In our current age of divisiveness, it feels to me as if we have somehow forgotten America’s motto, E Pluribus Unum, or out of many, one. Instead, our society appears to be increasingly splintered along fault lines defined by race, class, gender, party or hundreds of other attributes.
In thinking about this issue, I’ve been questioning how we can work to regain a common sense of purpose, empathy and shared humanity as individuals and as a nation. One answer I’ve come to is for each of us to examine our own behavior. For example, in my own life, one of the most satisfying and fulfilling things I’ve embraced in my journey is finding ways to connect with others by helping them in some small way; In my experience, those we assist are truly the givers in such as relationship.
Perhaps it’s a legacy of lessons learned in Sunday School, such as the Parable of the Good Samaritan. The story recalls how a Jewish man was beaten, robbed and left to die alongside a well-trodden road. The twist is that he’s ignored by his passing neighbors and countrymen, too busy to be bothered with another person’s misfortune. He’s ultimately ministered to by a sworn enemy – the unclean Samaritan –who stops, provides first aid and pays for his lodging and recovery.
At the time, this would have been a powerful story given the centuries-long intense dislike and hostility that existed between Jews and Samaritans, not to mention its blatant criticism of the hypocrisy of the Jewish religious establishment. It’s as if a rival gang member were to attend to one of his sworn enemies, rather than dispatch him. The unanswered question is why this Samaritan chooses to demonstrate mercy and rise above the bigotry and prejudice to care for the injured man.
When I lived in Illinois, my daughter Laura resided nearby in Madison, Wisconsin. On occasion, I’d drive to spend the weekend with her. At the time, toll booths were not automated. I would often tell the attendant I wanted to also pay the toll for the car in line behind me. Why? Because it lifts the spirits of the receiver and the giver – adding a ray of light to the lives of complete strangers can be a transformational experience and speaks to the kindness of humanity.
One of my favorite chapters in my upcoming book, Your Turn is on the topic of gratitude – showing respect for others and understanding their story is an essential part of being a Good Samaritan.
My church in Chicago used to organize volunteers to serve meals to homeless people. One Saturday night, as we were setting up our serving line downtown, it began to rain. We’d set up the serving table and kettle of soup against the curb, but in the street. Our hungry, drenched friends hung their plastic bags of food on the wrought iron fence as they ate.
As I stood at the head of the serving line, I would introduce myself by name and recite the evening’s sandwich choices. I’ll never forget Matt, one of my customers that night.
“What would you prefer?” Matt simply stood there gawking at me. “Sir,” I repeated, “we have bologna, chicken and peanut butter as well as a choice of fruit.”
After a long drawn out silence, Matt said, “Ma’am, I haven’t been called “Sir” in so long that I can’t remember the last time.” Tears welled up in Matt’s eyes.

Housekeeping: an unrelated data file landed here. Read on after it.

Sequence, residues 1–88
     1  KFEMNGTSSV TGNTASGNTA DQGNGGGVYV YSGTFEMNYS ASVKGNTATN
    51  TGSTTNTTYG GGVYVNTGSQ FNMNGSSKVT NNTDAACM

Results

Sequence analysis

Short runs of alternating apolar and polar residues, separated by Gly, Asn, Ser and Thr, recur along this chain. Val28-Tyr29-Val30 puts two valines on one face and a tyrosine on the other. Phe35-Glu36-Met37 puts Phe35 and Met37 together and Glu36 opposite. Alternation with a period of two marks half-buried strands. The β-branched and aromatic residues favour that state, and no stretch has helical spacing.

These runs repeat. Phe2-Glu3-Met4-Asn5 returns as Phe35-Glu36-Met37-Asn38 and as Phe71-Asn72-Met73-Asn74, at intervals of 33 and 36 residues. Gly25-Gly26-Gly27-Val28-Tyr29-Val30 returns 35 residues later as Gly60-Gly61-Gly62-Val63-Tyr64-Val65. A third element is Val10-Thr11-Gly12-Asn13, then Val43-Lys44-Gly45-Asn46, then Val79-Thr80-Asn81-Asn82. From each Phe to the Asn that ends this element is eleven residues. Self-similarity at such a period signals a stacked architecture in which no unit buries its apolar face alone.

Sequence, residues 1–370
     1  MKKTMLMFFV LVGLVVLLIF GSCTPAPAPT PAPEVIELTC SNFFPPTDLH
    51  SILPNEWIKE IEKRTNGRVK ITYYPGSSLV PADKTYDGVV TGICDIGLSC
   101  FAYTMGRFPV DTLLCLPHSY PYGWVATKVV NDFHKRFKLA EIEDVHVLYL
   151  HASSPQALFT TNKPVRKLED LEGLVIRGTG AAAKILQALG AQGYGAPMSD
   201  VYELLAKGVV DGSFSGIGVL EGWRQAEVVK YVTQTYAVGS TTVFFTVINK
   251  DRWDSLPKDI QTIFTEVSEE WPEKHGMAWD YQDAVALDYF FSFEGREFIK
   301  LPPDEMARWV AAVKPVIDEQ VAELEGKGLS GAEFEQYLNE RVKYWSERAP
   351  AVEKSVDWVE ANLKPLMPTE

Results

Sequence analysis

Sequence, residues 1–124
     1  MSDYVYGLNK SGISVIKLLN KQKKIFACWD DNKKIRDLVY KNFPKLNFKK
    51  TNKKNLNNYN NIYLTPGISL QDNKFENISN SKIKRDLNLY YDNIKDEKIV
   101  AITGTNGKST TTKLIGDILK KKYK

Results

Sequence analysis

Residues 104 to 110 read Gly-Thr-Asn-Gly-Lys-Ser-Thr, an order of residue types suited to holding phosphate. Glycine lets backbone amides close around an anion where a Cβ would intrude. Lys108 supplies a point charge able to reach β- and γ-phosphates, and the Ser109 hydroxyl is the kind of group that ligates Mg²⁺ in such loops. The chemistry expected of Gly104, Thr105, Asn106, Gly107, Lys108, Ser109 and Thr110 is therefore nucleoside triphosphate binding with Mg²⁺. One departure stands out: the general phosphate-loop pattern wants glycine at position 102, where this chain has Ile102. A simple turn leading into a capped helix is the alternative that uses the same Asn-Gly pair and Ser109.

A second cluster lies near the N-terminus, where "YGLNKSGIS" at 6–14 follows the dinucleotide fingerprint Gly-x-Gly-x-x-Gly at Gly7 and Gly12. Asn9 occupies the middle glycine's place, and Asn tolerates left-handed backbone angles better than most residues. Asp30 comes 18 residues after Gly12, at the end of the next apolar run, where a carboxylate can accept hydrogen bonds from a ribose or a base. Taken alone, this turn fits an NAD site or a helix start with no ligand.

Goosebumps surged down my spine. I was so stunned by his response that I stepped out from behind the serving table and put my hand out to shake his.
“My name’s Tyra. What’s yours?” I asked.
“I’m Matt,” he said. Our hands clasped.
“It’s so nice to meet you. Matt, there’s mustard or mayonnaise and hot coffee at the end of the line.
Enjoy. And Matt, it’s so good to meet you.”
Matt and the other guests we served that night may have gained temporary sustenance from a hearty meal, but I left that night inspired in the realization that Matt and his friends were the true givers. The gift was mine; I will never forget Matt. Making a difference in the lives of others sometimes just takes the smallest acts of kindness.
Here’s six ways you can be a Good Samaritan and uplift the spirits of your loved ones, friends and complete strangers:
- Invite Your Neighbors Over for a Meal – in our digitally-driven, fast-paced society, we often don’t find the time to reach out to members of our community and our neighbors. Invite your neighbors over for a meal so you can connect with new people, find out about their lives and make new friends.
- Volunteer at a Local Nonprofit – each of our towns and cities has valuable organizations that are driving change in the community. Whether it’s a homeless shelter, animal rescue or youth education center, volunteer for an organization that helps empower the community and people around you.
- Call a Friend or Family Member – for those who live far away from friends or family, it’s difficult to find time to re-connect. Try calling a friend or relative that you haven’t talked to in a while to show them you are still thinking about them. Showing support to the people who matter most to you leads to a more fulfilling life.
- Donate – give financial assistance, food or necessities to an organization that speaks to your values.
- Help an Elderly Friend – take an elderly friend or family member to the grocery store, doctor’s office or park. Assisting our elders shows our gratitude for the support they have provided over the years to make our lives better.
- Become a Mentor – join a program where you can mentor someone and lead their lives in a better direction. Boys and Girls Club of America is one such organization that helps connect our nation’s youth to mentors who can radically change their lives in a new direction.
Share examples of your experience in being a Good Samaritan or have yourself benefited from the support of your own Good Samaritan.
© Tyra Manning 2019